Cover crop plantings gain momentum due to environmental concerns

Article from Cedar Valley Business Online By Jim Offner

WATERLOO -- Iowa may be defined by corn and soybeans, but agricultural leaders across the state say cover crops like alfalfa, oats, radishes and rye likely will play a major role in how that definition evolves.

“With a good cover crop program, we see about a 30 percent reduction in the amount of loss of nitrogen or phosphorous,” said Bill Northey, Iowa’s agriculture secretary.

Northey, who grows corn and soybeans near Spirit Lake, says he has a cover crop program on his land, and he hopes others across the state do the same.

“There’s been a burgeoning interest in cover crops the last four, five years,” Northey said.

The state is tapping into that interest, having developed a cost-share program that picks up half of first-time participating farmers' costs for planting cover crops.

About 1,000 farmers signed up for the program two years ago, accessing $2.8 million in available funds, Northey said, noting that about 500 more got involved this year, with $1.4 million available.

“I think there was already an interest, and we tapped into it,” Northey said.

Northey and other agriculture leaders across the state see it as more than a nice idea; they say it’s a necessary step in order to maintain water quality in urban and rural areas.

Toward that end, the Iowa Agriculture Water Alliance is trying to get farmers engaged in the Iowa Nutrient Reduction Strategy, a voluntary program initiated by Gov. Terry Branstad’s administration.

Cleaner streams a goal
Organizers point out that Iowa, which leads the U.S. in corn, pork and egg production and is among the top soybean-growing states, has struggled to clean hundreds of rivers and streams that have received runoff of fertilizer and manure.

In late August, the state commission responsible for enforcing clean water regulations passed tougher inspection rules for livestock farmers, although the INRS regulates runoff from corn and soybean fields.

The alliance will be funded by farmers themselves through trade groups Iowa Corn Growers Association, Iowa Soybean Association and Iowa Pork Producers. It will be based at the soybean association’s headquarters in Ankeny. Its board chairman is Kirk Leeds, the CEO of the soybean association.

A major alliance function will be to convince farmers they need to use practices including no-till farming, grass strips, cover crops and bioreactors, new systems that run water flowing from field drainage pipes through wood chip filtering systems that digest excess nitrogen from fertilizer.

That’s where the increased emphasis on cover crops serves multiple purposes: A thick tangle of root systems keeps topsoil and nutrients in place. They also can be used as a relatively high-protein rough forage feed.

“You can use about anything” as a cover crop, Cedar Falls farmer Jim Fitkin said.

Runoff isn’t a major problem in Northeast Iowa like it is in other parts of the state, but cover crops are still an effective tool to help the soil hold nutrients, Fitkin said.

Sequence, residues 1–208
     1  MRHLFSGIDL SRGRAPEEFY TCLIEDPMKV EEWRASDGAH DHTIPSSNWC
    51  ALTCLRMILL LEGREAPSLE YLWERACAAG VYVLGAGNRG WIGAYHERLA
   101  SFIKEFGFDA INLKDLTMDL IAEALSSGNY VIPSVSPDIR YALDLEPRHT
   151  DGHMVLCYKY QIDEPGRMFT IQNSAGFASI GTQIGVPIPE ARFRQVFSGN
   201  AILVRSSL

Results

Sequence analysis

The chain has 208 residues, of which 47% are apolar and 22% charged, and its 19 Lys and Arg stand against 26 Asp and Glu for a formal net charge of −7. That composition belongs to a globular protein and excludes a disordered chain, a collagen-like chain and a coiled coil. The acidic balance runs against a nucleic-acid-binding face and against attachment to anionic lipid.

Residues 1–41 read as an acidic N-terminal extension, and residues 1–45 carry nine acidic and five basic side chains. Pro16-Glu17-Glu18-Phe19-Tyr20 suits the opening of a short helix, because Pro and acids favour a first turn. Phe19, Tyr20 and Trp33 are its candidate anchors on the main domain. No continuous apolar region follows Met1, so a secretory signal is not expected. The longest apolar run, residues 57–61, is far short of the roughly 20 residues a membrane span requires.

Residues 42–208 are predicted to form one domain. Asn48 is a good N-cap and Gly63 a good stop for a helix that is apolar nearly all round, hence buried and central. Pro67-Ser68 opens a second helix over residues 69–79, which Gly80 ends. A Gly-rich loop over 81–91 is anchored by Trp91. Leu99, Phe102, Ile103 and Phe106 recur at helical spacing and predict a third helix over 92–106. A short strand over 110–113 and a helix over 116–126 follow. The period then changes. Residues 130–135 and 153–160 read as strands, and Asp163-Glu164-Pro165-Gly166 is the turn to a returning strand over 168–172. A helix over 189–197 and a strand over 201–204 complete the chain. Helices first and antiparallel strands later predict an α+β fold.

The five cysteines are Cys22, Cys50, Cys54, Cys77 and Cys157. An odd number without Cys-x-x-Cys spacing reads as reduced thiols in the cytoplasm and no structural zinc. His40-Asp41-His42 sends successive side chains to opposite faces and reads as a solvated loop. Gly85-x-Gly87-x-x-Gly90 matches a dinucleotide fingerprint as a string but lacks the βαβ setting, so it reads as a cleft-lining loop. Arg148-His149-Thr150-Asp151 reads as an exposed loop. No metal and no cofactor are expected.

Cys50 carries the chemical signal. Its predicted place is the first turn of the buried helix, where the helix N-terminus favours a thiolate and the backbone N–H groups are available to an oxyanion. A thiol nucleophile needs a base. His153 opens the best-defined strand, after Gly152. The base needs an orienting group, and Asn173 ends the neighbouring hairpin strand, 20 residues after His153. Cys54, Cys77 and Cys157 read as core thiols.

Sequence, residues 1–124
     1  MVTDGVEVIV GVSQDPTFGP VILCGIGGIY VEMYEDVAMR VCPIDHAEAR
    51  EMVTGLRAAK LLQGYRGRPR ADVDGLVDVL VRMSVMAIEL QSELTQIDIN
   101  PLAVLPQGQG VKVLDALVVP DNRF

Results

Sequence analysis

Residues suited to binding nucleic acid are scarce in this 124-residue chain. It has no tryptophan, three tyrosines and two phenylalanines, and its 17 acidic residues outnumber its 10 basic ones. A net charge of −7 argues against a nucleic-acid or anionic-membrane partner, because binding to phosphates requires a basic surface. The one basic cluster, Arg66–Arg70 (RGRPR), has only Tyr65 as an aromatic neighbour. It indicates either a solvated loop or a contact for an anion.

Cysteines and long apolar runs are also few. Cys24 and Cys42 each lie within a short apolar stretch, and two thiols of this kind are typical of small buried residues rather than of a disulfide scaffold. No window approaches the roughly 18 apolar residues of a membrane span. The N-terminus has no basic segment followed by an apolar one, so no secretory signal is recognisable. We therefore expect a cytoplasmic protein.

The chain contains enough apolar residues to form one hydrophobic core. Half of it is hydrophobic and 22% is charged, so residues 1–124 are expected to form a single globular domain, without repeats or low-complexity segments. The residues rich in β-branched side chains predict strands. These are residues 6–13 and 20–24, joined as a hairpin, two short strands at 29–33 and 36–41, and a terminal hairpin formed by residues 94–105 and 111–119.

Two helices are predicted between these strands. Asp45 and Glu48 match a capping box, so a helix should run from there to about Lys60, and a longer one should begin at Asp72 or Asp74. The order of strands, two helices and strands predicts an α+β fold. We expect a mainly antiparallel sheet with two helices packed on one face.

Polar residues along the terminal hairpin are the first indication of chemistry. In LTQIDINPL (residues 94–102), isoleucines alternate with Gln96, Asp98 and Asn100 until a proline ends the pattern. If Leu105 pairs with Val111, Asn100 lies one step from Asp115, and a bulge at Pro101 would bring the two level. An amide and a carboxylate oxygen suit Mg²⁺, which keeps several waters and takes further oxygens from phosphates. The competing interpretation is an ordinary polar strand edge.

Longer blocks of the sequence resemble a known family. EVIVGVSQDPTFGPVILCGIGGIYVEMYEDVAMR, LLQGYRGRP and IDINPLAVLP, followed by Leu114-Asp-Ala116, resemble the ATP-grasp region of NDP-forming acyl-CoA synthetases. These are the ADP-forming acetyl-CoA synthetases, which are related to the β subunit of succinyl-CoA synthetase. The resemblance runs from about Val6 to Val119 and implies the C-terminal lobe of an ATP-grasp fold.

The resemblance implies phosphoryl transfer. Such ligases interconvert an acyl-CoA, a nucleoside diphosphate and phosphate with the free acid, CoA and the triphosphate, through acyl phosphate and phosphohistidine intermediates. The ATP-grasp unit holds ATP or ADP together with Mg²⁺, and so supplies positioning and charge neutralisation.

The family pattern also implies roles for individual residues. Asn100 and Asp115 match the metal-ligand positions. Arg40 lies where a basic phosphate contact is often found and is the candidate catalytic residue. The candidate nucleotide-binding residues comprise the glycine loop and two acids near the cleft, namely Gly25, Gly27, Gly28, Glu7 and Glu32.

“The same concept can go with your lawn -- if you mow the yard and don’t rake it, you return all the nutrients to the soil and it’s sustainable.”

Last week, an airplane applied seed on Fitkin's fields from 20-30 feet above the tips of the cornstalks.

“The impact will put it in the ground a little bit, and the rain will do some,” he said.

Fitkin uses several cover crops, including oats, root plants and alfalfa.

Advocates concerned
Cover crops are gaining momentum, but voluntary efforts like the INRS fall short of environmentalists’ goals.

Environmental groups said a voluntary program is unlikely to work.

“The Iowa Nutrient Reduction Strategy will not lead to real improvements in Iowa’s polluted water quality unless and until it is strengthened with measurable and enforceable water quality standards and tougher and more effective public oversight,” farmer Larry Ginter, an Iowa Citizens for Community Improvement member, told reporters in late August.

Northey said forcing farmers to get involved is not the way to go.

“My belief is (voluntary) is the only way it works,” he said. “It’s pretty hard to tell folks to put on cover crops against their will if they don’t really want to do it. We need to have folks doing it because it works in their operation, and one operation can differ from another.”

Nick Meier, a corn and soybean grower in the La Porte City area, said he plants oats, radish, crimson clover and rapeseed as cover crops in a field that will go to corn next year. In the field that will go to soybeans, he’s planning an annual rye, radish, rapeseed and crimson clover.

“In each field, I’m doing 120-foot-wide strips of cover and 120 feet of no cover, and I’ve got three strips spread out of the cover crop with those species in them,” he said.

Cost concerns
Cost is a potential challenge to anybody considering cover crops, Meier said.

“It’s expensive to do, but it’s got to pay for itself,” he said. “That’s the difficult part. I’m hoping the retun is the value it puts back into the soil. Organic matter takes a long time to build. That’s why cover crop seems to be the big thing.”

Timing is another challenge, said Dustin Sage, a corn and soybean grower near Dunkerton.

“The problem is our growing season is so short, it’s hard to get a crop established in an economic and timely manner,” said Sage, who planted oats and radishes as cover crops last year.

“By the time you get beans to drop their canopy, you have maybe two or three weeks to get it established. But I think they could be beneficial in the long term if we could figure out a way to do it.”